Archive | July, 2014
“It’s not quite breakfast, not quite lunch, but it comes with a slice of cantaloupe at the end. ” – Jacques.
Written by: John Swartzwelder.
See the full moon? The classic symbol of romance? It’s a bowling ball.
That’s you all you need to know about the level of detail that went into this hilarious and beautiful temptation episode, and the first to concentrate on what it must be like to be Marge Simpson.
In the future, of course, we’ll get to the backstory of Homer & Marge’s marriage, but for now, all we need to know is that while Homer can be an uncaring, insensitive lout, she still loves him. And vice versa.
So while she’s tempted – so very tempted – by the smooth-talking, brunch-loving bowling instructor voiced by the incomparable Albert Brooks, of course she’s going to back out of actually having an affair.
That that Marge didn’t have an affair, and was reminded by the entire universe how much she treasured her family, her marriage, and yes, even Homer, went a long way towards telling us what kind of show The Simpsons was going to be when it was running on all cylinders.
And in brilliant fashion, the episode distracted us from its otherwise rote-seeming happy ending by making it a parody of another well-known happy ending, topped by Homer’s triumphant “Tell him I’m going to the backseat of my car with the woman I love … and I won’t be back for 10 minutes!!”
“Being popular is the most important thing in the world.” – Homer
Written by: Al Jean, Mike Reiss, Sam Simon & Matt Groening.
While the first seven episodes were episodes of television featuring The Simpsons, “The Tell-Tale Head” is really kind of the first episode of The Simpsons. Everybody acts like who they are, and the plot balances equal amount of absurdity, pathos and satire.
It’s ambitious: it starts in medias res, with Bart & Homer fleeing an angry mob.
It has classic Simpsons tropes: Bart addressing the angry mob. Homer finding a parking spot right in front of the church.
It adds new characters: Jimbo, Dolph and Kearny – cool older dudes who Bart tries to impress by stealing the head of Springfield founder Jebadiah Springfield.
It has mythology: some of the origin of Springfield itself!
All that, plus Apu!
“The Simpsons have entered the forest.” – Lisa.
Written by: John Swartzwelder.
Never liked this episode, never will. Really, the only redeeming quality is the whole plot of Maggie ingratiating herself into the family of bears. Which, I think, is the first instance of yet another of my favorite long-running Simpsons tropes: the animals are smarter than the humans.
The rest, though? Oy. Yes, it makes sense for Homer to buy an RV cos Flanders has one. And yes, it makes sense that it’s going to be awful, cos he couldn’t afford a nice one due to his credit.
But the second they hit the forest, the RV plotline falls off a cliff, replaced forever by a series of unfunny camping jokes, climaxing with yet another “Homer is an ape” joke, as he gets covered in mud and mistaken for Bigfoot.
During all of this – including Bart and Homer nearly freezing to death –it’s neither funny nor tragic, because none of the characters acts as if anything going on really means anything to anybody. Homer & Bart don’t worry about Maggie; Marge & Lisa don’t worry about Homer & Bart & Maggie, and the entire Bigfoot sequence makes no damn sense whatsoever.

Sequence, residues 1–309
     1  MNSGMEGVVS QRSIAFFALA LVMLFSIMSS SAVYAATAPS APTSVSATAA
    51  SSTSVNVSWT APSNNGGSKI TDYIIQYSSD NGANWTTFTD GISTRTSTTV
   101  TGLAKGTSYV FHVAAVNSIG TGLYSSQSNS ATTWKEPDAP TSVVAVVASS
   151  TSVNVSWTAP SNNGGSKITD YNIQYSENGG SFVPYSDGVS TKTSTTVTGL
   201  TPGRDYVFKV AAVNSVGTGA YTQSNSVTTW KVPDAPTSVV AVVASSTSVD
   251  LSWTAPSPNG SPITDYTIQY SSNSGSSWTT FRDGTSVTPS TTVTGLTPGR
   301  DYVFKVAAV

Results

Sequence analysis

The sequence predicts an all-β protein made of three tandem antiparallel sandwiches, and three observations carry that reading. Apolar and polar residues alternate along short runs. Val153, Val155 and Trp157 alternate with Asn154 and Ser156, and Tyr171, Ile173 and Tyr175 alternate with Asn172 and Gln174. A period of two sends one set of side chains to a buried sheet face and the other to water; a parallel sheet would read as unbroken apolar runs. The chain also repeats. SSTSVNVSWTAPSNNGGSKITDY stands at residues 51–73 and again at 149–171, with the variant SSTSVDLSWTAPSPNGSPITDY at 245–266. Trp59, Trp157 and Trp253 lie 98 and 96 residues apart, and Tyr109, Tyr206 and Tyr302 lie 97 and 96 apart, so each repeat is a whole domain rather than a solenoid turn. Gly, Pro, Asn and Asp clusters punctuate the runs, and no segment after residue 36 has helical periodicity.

That there is a certain manic escalation to the Bigfoot sequence doesn’t really matter if you didn’t accept the premise, which I didn’t. It was too cartoony.
“Lisa! Get away from that Jazz man!” – Marge.
Written by: Al Jean & Mike Reiss.
I think I finally realized what bugs me about this episode: there is no edge whatsoever to “Bleeding Gums” Murphy. He exists entirely to validate Lisa’s need to express her blues through music. And while he does (gently) call her on her privilege during their jam session, he then turns it into a blues song anyway, which I guess is supposed to show the transformative power of music, or something.
Anyways, while there is some nice character development here for Lisa, it’s all a bit too magical and treacly for me.
I much prefer the B-story, where Bart kicks Homer’s ass in the video boxing so consistently, Homer goes to the arcade to seek help, only to have the plug pulled at his moment of triumph. Bart’s “I’d like to take this moment to announce my retirement from video boxing” was a perfect button to the whole plotline.
And should note that while Bart & Homer’s boxing avatars looking like them was a joke in 1990, I’m sure now it reads as a touch of realism.
“I’d rather they say ‘Death from Above’, but I guess we’re stuck” – Herman.
Written by: John Swartzwelder
Long-time Simpsons fans recognize “Bart The General” as the introductory episode for the beloved character, Herman, the one-armed military antiques dealer, who would go on to have many wacky adventures.
Or not: as Herman has only made a handful of speaking roles over the long years.
Nope: it was the bully, the initially very broadly-drawn Nelson, who would go on to be one of the most beloved characters. And we know what Nelson would say to Herman about that.
But even if neither character never made another appearance, it wouldn’t matter, as the John Swartzwelder-penned “Bart The General” is another early classic. Not only do the Simpsons act the way they’re supposed to – Marge encouraging discussion, Homer recognizing the code of the schoolyard – the story of Bart organizing an army to get Nelson to stop bullying him just keeps escalating both the war film references and plausible absurdity.
The topper, of course, is – as they’re writing up a peace treaty – Marge asking if “you boys are through playing war?” cos she has cupcakes!